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Fail to prepare, prepare to fail

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Trev 22847
May 07, 2022 Trevor Dias

Fail to prepare, prepare to fail

When I was 16 years old, I was accepted into De La Salle College in Salford - which, unfortunately, is no more, but that's a different story for another day. At the time, it operated one of the very first Football academy colleges in the UK. It accommodated approximately 80 teenage lads, with one last-ditch attempt to make it into football. It was undoubtedly one of the most incredible experiences of my life: being treated like an academy player, training, being coached up to 4 hours a day and getting the opportunity to play against some professional academies. All this while also studying traditional A Levels alongside.

Funny enough, as impressive as the football training was, it wasn't my defining experience. This was by far both the amazingly diverse set of lads we engaged with daily and the fact that we were all put through our professional football coaching certificates and the ability to gain various other coaching accreditations. I received about 10 in total over two years. Undoubtedly this is where my love for coaching and development came from and led to equally impressive experiences coaching all over the UK for Manchester United Soccer Schools & across America.

This is also where I was first introduced to the saying, "Fail to prepare, prepare to fail" (Benjamin Franklin). To say that this was ingrained into us is the understatement of the century. We would have that saying drilled into our minds multiple times every day - and of that, I will be eternally grateful as I indeed saw how powerful it was when applied to coaching and studying to pass out FA Coaching badges. The ability to prepare for any session had almost magical powers to make that session go from being an ok one to an outstanding one.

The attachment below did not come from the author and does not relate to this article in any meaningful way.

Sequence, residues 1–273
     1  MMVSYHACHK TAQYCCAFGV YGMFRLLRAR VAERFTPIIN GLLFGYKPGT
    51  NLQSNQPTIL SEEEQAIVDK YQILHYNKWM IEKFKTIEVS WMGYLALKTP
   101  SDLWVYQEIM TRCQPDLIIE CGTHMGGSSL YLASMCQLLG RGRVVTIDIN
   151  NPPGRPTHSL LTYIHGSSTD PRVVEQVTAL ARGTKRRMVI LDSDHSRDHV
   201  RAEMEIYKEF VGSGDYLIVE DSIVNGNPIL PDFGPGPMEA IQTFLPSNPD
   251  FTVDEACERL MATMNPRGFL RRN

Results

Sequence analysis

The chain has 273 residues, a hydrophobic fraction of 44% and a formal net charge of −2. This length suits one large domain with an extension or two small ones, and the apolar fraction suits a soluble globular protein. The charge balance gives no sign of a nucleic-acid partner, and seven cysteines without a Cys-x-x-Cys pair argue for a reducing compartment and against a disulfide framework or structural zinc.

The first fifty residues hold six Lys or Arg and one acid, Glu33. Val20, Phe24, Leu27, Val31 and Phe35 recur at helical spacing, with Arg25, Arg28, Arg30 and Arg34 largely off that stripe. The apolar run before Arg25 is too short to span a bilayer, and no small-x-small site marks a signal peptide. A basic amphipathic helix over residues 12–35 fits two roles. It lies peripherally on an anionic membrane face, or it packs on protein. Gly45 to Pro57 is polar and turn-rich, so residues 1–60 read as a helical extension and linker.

I have taken that mantra throughout life and have always tried to implement it into absolutely everything I do (I guess it also helps that it speaks to my OCD tendencies and massively helps with any anxiety I experience). Without exception, whenever things haven't gone to plan for me, I can almost always identify one of the root causes of failing to prepare.

It is so powerful that I will go as far as to say If you adopt this mantra and implement it into your health and fitness journey, you will succeed. If not, you will fail! And how do you do that -.

"Tomorrow never starts tomorrow; it always starts today."

Plan your training week out on Sunday

Take time on a Sunday to look at your week. Travelling for work, kids' school events, meeting friends for a meal/ drinks. Then make sure you book your training around this. And I do mean book it in - with an actual calendar invite.

Plan your food out for the week

You can also do the same to give you a rough idea of what foods and ingredients you might need to get in for the week based on what you think you will be cooking/ consuming that week. For example, I use an excellent notes function on my Android phone - I jot down any foods/ ingredients I'll need for the week and tick them off as I go shopping.

Prepare your gym bag the night before

You can get all your gym equipment out and ready the night before any session. This means filling up my water bottle with my amino acids, preparing my protein & creatine shake and placing them in the fridge. Then, packing my gym bag with a clean change of clothes, my swim shorts for a sauna after the session and any accessories, I'll need for the session (straps, weighted belt etc.)

Prepare your gym clothes the night before

Get your clothes ready and laid out the night before—shorts, t-shirt, socks, hoody, trainers etc.

Build out your food diary for the day

Take 5 minutes to build out your entire day of eating in MyFitness pal, based on your daily commitments and your access to food (at home or travelling). This removes any stress of thinking about what to eat when on the fly and finding out you have not got an essential ingredient at the last minute. Instead, you eat exactly what you have planned based on what you can access and where you will be. This way, while building out your food for the following day, you can also trial and error with calories and macros to ensure you are on point with hitting what you have set.

All the above will take 5 to 10 minutes each evening!

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